Call for fathers and preschoolers to take part in family health program

Tuesday, 27 November 2018


The University of Newcastle is calling for 150 dads with three to five-year-olds to take part in a healthy lifestyle program being offered in the Hunter region.

Nathan Vincent and his daughter Charlotte
Nathan Vincent and his daughter Charlotte

Following a successful pilot launch last year that involved 25 participants, Healthy Youngsters, Healthy Dads (HYHD) is now inviting 150 fathers with three to five-year-old children to take part in the Greater Charitable Foundation funded program and instill healthy lifestyle behaviours at home.

Led by Professor Phil Morgan from the University of Newcastle and the Hunter Medical Research Institute (HMRI*), HYHD teaches fathers evidence-based parenting strategies to improve family eating and physical activity behaviours in order to optimise their child’s physical and mental development.

“Preliminary data from the pilot program showed promising results, indicating that both youngsters and dads significantly improved their physical activity and overall diet quality. Notably, the youngsters also improved their emotional wellbeing, while the dads enhanced their parenting practices,” Professor Morgan said.

“This next stage will test the program in a more rigorous research trial which will involve a much larger number of families throughout next year.

“We really encourage families to get involved because the early childhood stage of life is a critical period when many behaviours are established and the impact of evidence-based parenting can benefit children not only physically, but also in social-emotional domains.”

Over an eight-week period beginning in January, fathers and their children will take part in educational and practical sessions on a Saturday morning that focus on nutrition and rough and tumble play, fundamental movement skills and fun fitness challenges.

Pilot participant and father, Nathan Vincent, said he joined the program to spend more time with his daughter and be a good role model to provide her with the foundations to live a healthy life.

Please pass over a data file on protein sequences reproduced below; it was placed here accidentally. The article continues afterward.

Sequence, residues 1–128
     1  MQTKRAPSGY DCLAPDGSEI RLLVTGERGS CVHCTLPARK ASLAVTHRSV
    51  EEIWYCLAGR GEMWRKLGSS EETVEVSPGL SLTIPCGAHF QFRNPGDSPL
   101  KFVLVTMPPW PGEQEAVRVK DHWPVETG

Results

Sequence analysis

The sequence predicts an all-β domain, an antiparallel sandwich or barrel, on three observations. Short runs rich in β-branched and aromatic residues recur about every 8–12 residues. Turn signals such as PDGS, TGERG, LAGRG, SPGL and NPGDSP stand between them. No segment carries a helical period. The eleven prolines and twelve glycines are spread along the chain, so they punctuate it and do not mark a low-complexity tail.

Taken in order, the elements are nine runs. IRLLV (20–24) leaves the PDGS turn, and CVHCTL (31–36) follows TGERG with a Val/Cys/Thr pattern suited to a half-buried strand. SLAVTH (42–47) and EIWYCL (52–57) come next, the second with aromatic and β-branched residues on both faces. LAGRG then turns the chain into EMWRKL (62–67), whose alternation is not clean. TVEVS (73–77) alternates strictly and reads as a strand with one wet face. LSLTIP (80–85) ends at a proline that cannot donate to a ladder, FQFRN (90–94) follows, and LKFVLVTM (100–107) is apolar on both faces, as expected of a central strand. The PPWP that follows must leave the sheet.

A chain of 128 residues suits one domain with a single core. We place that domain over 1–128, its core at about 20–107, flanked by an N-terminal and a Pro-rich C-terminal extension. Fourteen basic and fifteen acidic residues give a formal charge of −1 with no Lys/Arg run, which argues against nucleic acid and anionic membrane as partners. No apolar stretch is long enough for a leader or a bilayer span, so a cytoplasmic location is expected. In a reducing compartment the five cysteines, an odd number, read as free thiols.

“I’d strongly encourage other families to take part in the program. Charlotte looked forward to it every week and we learnt a lot. She developed excellent sports skills, learnt how to make healthy eating fun and now she eats yellow capsicum! Most importantly, we had a lot of fun,” Nathan said.

Families can register their interest for the 2019 program by visiting www.healthyyoungsters.com

Greater Charitable Foundation CEO, Anne Long, said the Foundation are proud to be supporting the development of the HYHD program over the next few years.

“We look forward to this program becoming the benchmark for future offerings aimed at encouraging healthy lifestyle habits and strengthening dad-child bonds in those really important stages of early childhood,” Ms Long said.

HYHD builds on the success of other father-focused healthy lifestyle programs run by Professor Morgan’s team, including Dads And Daughters Exercising and Empowered (DADEE) and Healthy Dads, Healthy Kids (HDHK), and also received seed funding of $20,000 through the Rotary Club of Newcastle and HMRI.

Healthy Youngsters, Healthy Dads is led by Chief Investigator Professor Philip Morgan at the University of Newcastle’s Priority Research Centre for Physical Activity and Nutrition, with co-investigators Dr Alyce Barnes, Dr Myles Young, Ms Emma Pollock and Ms Jackie New from the Faculty of Education and Arts and Professor Clare Collins from the Faculty of Health and Medicine.

* HMRI is a partnership between the University of Newcastle, Hunter New England Health and the community.